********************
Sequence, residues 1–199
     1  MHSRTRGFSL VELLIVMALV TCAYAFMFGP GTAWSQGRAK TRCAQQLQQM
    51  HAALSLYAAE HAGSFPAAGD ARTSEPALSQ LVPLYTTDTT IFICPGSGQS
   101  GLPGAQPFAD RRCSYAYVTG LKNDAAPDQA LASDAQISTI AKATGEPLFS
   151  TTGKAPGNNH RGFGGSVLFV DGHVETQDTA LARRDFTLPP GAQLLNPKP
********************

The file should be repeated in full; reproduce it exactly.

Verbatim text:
Sequence, residues 1–199
     1  MHSRTRGFSL VELLIVMALV TCAYAFMFGP GTAWSQGRAK TRCAQQLQQM
    51  HAALSLYAAE HAGSFPAAGD ARTSEPALSQ LVPLYTTDTT IFICPGSGQS
   101  GLPGAQPFAD RRCSYAYVTG LKNDAAPDQA LASDAQISTI AKATGEPLFS
   151  TTGKAPGNNH RGFGGSVLFV DGHVETQDTA LARRDFTLPP GAQLLNPKP